Somalia's al-Shabab names new leader

Armed group appoints Ahmed Omar as successor to Ahmed Abdi Godane who was killed in US strikes last Tuesday.

    Somalia's al-Shabab names new leader
    Al-Shabab's leader Ahmed Abdi Godane was killed in US airstrikes on Tuesday [AP]

    Al-Shabab, the Somali armed group, has named Ahmed Umar, also known as Abu Ubaidah, as successor to Ahmed Abdi Godane who was killed in US airstrikes last Tuesday.

    The armed group on Saturday pledged to take revenge for the death of one its founding leaders.

    "Avenging the death of our scholars and leaders is a binding obligation on our shoulders that we will never relinquish nor forget no matter how long it takes," the group said in a statement sent to Al Jazeera.

    Omar, the group's third leader, takes over from Godane, who had succeeded top commander Ismail Arale. Arale was sent to Guantanamo Bay in 2007.

    The armed group also confirmed the death of two other unnamed officials.

    The US confirmed on Friday that Godane was killed in September 1 airstrike which happened outside the port city of Barawe - al-Shabab's last major stronghold.

    The attack on Tuesday targeted vehicles and encampment near Barawe, the armed group's base of operations. The US had said the targets were senior commanders of al-Shabab.

    In 2012 the US put a reward of $7m for information leading to the capture or killing of Godane.

    Also on Friday, president Hassan Mohamud issued a statement calling for fighters to leave the rebel group. He offered a 45-day amnesty to fighters who renounced the group.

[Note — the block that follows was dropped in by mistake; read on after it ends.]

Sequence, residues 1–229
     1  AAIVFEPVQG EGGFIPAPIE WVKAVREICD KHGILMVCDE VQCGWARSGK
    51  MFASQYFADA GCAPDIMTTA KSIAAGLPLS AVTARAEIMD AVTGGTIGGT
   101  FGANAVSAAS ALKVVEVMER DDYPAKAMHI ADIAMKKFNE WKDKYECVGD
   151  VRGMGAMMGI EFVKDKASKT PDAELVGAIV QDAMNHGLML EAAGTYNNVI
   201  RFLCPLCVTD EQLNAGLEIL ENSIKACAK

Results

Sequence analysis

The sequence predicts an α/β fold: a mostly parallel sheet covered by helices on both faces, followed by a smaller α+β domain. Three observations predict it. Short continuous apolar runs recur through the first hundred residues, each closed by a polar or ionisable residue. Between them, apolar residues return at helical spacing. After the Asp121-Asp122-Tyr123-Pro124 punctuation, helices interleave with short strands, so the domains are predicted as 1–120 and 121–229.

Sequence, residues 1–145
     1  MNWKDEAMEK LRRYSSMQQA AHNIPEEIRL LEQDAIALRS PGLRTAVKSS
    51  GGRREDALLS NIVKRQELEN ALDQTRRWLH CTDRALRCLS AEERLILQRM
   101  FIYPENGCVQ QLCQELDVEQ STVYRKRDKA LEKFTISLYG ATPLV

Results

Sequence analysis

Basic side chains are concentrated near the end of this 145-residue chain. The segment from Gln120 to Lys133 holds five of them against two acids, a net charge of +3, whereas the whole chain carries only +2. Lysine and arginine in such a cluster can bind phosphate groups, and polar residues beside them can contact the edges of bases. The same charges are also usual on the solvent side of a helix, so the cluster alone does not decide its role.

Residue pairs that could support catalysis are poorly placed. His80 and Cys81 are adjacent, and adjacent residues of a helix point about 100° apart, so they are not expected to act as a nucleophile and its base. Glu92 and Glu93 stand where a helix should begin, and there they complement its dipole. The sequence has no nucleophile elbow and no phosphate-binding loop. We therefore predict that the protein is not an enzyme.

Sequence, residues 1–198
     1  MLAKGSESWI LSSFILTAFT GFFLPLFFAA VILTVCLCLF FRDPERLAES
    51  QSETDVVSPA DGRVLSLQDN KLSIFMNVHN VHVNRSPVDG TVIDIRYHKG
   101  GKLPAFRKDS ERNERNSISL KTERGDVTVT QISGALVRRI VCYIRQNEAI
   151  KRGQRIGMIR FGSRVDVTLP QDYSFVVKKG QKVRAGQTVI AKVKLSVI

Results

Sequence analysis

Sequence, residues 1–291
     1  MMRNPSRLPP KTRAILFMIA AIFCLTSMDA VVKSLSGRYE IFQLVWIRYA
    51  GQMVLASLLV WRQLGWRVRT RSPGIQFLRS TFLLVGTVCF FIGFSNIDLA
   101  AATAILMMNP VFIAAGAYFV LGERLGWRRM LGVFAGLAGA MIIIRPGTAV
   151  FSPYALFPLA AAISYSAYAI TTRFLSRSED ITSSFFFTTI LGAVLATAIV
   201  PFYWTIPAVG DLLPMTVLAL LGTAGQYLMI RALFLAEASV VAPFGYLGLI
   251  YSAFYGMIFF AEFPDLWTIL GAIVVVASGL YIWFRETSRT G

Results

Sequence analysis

Godane, also known as Abu Zubeyr, rose to the top of the al-Qaeda-linked group in 2008 following the death of his predecessor Aden Hashi Ayro in a US airstrike in the southern town of Dhusamareeb.

    Under his stewardship the rebel group pledged allegiance to al-Qaeda in 2009 and started focusing their attacks outside Somalia.

    Deadly attacks

    Last year, the group's fighters stormed a shopping mall in the Kenyan capital, Nairobi, killing at least 67 people.

    In 2010, al-Shabab carried out an explosion in Kampala that left 78 football fans dead during the world cup. The attack was the first by the group outside Somalia.

    On Saturday, Somalia's government warned of a wave of retaliatory attacks by the group following Godane’s death.

    "Security agencies have obtained information indicating that al-Shabab is now planning to carry out desperate attacks against medical facilities, education centres and other government facilities," Somalia's national security minister, Kalif Ahmed Ereg, said in the capital Mogadishu.

    "The security forces are ready to counter their attacks and we call on people to help the security forces in standing against violent acts," he added.

    Follow Hamza Mohamed on Twitter: @Hamza_Africa

    SOURCE: Al Jazeera


    Interactive: How does your country vote at the UN?

    Interactive: How does your country vote at the UN?

    We visualised 1.2 million votes at the UN since 1946. What do you think are the biggest issues facing the world today?

    'We were forced out by the government soldiers'

    'We were forced out by the government soldiers'

    We dialled more than 35,000 random phone numbers to paint an accurate picture of displacement across South Sudan.

    Interactive: Plundering Cambodia's forests

    Interactive: Plundering Cambodia's forests

    Meet the man on a mission to take down Cambodia's timber tycoons and expose a rampant illegal cross-border trade.